Beyond our Borders - July 2020

BEYOND OUR BORDERS – JULY 2020

The ‘Beyond our Borders’ column focuses on selected and current international diseases that may affect South Africans travelling abroad.

1. Haemophilus influenzae disease: Alaska, USA

Invasive Haemophilus influenzae, serotype a, is increasing in the United States overall, with the greatest burden occurring in American Indian and Alaska Native children, according to findings published in Clinical Infectious Diseases.

A study in 2018 found that H. influenzae, serotype a (Hia), incidence has increased by an average of 13% annually from 2002 to 2015.

From 2008 to 2017, an estimated average of 306 invasive Hia disease cases occurred annually in the USA, with the incidence increasing by an average of 11.1% each year. Overall, 42.7% of cases occurred in children aged less than 5 years (incidence 0.64/100 000), with the greatest incidence among children aged less than one year (incidence, 1.60/100 000). The researchers also found that 7.8% of all patients with Hia infection died; 15.1% of adults aged 65 years and older died, representing the highest case fatality rate.

American Indian and Alaska Native children aged younger than 5 years experienced the highest Hia disease burden. These children experienced 8 times more disease than children of all other races combined. In Alaska, people of all ages experienced an Hia disease incidence nearly 6 times higher than in the rest of the USA overall, and children aged younger than one year experienced a disease incidence nearly 14 times higher than children in the USA overall. The case fatality rate in Alaska was 10.2%, with the vast majority of cases (93.9%) occurring among American Indians and Alaska Natives. In the context of increasing Hia incidence and clinical severity similar to H. influenzae, serotype b, new prevention strategies, including the development of an Hia vaccine, could prevent morbidity and mortality among these vulnerable populations.

2. Japanese encephalitis: Taiwan

The Taiwan Centers for Disease Control (CDC) reported on 14 July 2020 that four new cases of Japanese encephalitis had been confirmed last week, including in a three-month-old baby, the youngest case ever reported in Taiwan. The total number of cases on 7 July 2020 was 9, bringing the national total for 2020 to 13. The cases all lived or worked near rice paddy fields, ponds, pig pens or pigeon farms, which are ideal breeding sites for mosquitoes.

Of the four new reported cases, in addition to the three-month-old baby in Taiwan’s Changhua County, the other three cases were men in their 40s to 60s. The infant is the youngest case of Japanese encephalitis reported since it was designated a notifiable communicable disease in 1999.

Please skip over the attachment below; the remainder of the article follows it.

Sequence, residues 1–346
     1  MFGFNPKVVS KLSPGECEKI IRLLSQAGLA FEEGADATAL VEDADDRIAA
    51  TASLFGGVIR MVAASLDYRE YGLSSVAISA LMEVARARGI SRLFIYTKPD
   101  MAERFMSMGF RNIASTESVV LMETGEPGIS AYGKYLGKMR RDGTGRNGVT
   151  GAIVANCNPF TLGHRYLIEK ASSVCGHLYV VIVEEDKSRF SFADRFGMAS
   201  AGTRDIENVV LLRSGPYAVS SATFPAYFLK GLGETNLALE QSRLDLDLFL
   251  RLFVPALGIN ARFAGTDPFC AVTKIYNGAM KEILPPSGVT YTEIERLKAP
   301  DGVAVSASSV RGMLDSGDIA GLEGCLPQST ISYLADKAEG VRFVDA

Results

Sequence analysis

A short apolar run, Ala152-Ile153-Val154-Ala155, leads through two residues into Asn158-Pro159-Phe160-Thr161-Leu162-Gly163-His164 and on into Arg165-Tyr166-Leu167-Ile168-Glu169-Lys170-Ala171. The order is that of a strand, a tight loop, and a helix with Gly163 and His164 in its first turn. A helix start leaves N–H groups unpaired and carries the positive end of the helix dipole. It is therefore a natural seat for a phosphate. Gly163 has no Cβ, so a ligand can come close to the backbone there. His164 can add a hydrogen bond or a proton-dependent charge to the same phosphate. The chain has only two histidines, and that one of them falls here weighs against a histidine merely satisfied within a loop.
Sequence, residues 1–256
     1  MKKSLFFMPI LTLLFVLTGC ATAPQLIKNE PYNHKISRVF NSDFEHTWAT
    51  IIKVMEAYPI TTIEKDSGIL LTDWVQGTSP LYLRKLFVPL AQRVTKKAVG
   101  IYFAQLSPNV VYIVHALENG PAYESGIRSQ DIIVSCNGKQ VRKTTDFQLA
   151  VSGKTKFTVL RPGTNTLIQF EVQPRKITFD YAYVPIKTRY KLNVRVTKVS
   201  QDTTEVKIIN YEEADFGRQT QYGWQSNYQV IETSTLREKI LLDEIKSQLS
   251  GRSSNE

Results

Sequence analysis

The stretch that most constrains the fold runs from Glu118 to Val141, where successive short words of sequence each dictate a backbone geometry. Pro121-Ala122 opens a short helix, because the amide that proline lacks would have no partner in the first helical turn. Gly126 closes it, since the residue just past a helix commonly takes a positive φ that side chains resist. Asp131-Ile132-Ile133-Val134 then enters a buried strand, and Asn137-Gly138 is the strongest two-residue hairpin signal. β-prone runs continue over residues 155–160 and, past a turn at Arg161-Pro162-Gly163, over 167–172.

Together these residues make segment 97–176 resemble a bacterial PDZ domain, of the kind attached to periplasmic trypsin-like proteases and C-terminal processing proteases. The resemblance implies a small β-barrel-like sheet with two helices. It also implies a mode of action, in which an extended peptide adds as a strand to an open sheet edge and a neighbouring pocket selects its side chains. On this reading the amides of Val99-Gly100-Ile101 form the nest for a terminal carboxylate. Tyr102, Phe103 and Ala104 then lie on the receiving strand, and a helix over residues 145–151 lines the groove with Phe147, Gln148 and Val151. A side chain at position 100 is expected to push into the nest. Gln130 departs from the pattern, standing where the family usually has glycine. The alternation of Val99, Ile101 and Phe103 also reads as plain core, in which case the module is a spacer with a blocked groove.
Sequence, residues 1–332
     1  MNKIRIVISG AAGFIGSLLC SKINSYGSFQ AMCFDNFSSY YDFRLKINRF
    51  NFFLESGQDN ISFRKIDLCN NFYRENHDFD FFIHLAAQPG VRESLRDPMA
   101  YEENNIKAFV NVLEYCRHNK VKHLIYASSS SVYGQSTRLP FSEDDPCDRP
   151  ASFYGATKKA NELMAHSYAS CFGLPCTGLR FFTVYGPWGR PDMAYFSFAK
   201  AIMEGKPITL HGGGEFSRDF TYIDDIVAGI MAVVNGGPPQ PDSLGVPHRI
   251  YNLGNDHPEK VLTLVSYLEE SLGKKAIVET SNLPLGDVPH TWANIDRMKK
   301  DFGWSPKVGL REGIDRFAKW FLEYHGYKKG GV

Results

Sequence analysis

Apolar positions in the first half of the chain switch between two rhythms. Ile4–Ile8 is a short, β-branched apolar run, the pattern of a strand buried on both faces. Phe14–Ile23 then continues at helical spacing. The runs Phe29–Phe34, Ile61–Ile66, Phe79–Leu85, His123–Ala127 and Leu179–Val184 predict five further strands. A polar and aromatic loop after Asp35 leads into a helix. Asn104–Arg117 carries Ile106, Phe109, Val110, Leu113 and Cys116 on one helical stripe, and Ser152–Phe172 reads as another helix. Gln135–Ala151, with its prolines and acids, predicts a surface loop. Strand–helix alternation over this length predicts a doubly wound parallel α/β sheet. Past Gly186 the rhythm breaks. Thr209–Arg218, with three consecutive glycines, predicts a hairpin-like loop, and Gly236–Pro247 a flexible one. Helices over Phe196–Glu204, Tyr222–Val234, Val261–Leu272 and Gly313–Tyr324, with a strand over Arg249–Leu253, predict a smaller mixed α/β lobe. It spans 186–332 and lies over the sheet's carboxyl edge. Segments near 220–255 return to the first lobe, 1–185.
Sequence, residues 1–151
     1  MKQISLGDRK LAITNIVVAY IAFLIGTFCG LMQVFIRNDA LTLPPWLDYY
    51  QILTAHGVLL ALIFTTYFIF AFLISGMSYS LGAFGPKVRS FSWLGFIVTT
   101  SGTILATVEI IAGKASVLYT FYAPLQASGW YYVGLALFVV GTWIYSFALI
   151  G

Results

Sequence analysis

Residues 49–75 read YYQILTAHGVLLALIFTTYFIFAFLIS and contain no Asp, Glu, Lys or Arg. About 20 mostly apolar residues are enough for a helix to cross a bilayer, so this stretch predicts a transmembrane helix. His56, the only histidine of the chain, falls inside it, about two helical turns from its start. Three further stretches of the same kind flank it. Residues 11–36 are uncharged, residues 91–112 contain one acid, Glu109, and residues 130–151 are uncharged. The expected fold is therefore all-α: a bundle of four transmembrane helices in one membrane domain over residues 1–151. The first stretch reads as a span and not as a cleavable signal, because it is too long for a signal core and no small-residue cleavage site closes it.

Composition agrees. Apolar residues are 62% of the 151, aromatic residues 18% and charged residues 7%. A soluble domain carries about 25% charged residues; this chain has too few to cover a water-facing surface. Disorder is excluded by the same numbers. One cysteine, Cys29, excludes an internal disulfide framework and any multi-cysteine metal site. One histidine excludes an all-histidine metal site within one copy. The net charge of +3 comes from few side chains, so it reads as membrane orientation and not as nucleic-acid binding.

Japanese encephalitis vaccination is recommended for children older than 15 months. Other preventative measures include personal protective measures against mosquito bites when going outdoors, such as insect repellents containing the active ingredient diethyltoluamide (DEET). DEET is recommended only for children above two months old. Parents should choose products with DEET content of no more than 30%. Insect repellents containing picaridin are recommended for children above six months old.

3. Foodborne illness – Escherichia coli: Japan

On 13 July 2020, the cause of a foodborne outbreak that affected a total of 3 453 students and others at 15 public schools in the city of Yashio, Saitama Prefecture, eastern Japan, was pinpointed as a seaweed salad harbouring Escherichia coli bacteria.

Students had developed symptoms such as stomach pains and diarrhoea after eating the school-lunch, which included the seaweed salad. Stool tests, along with other investigations elsewhere, showed the offending dish to have been the seafood salad served on 26 June 2020. The cause of the food poisoning was wakame seaweed and seaweed salad mix ingredients that were not heated up to kill bacteria after being soaked in water. School lunches remain suspended at the city’s schools, and students are expected to bring their own packed lunches until 4 August 2020. It is unclear whether the E. coli here is an enterohaemorrhagic strain such as O157:H7, or one of the other enteropathic strains.

4. Copper poisoning: Japan

On 8 July 2020, a total of 13 elderly people in southwestern Japan suffered symptoms of food poisoning, apparently after traces of copper from an old kettle contaminated a sports drink they consumed.

The incident occurred at a care facility in the city of Usuki, Oita Prefecture on the morning of 6 July 2020. The facility boiled water with the kettle then cooled it and added powder to make a sports drink.

The 13 men and women, aged from their 70s to 90s, each drank about half a cup of the sports drink at around 10:20 a.m. on 6 July 2020, and then complained of ill health, such as vomiting and nausea.

Copper, having built up on the inside of the stainless-steel kettle, is believed to have dissolved in the sports drink, which was acidic. Upon investigation, the division detected 200 milligrams of copper per litre in the sports drink. People usually show symptoms of poisoning if they consume 10 milligrams of copper. The victims at the facility are thought to have taken in 30 milligrams of copper each.

The care facility has reportedly used the kettle for about 10 years and part of the inside had turned black.

COMMUNICATED BY: NATIONAL INSTITUTE FOR COMMUNICABLE DISEASES

 

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Important Notice

You are advised to visit your general practice surgery or a travel medicine clinic at least 6 weeks before you travel. However, it is never too late to seek advice.

If you have a medical condition, you are advised to discuss the suitability of the trip before you book.

 

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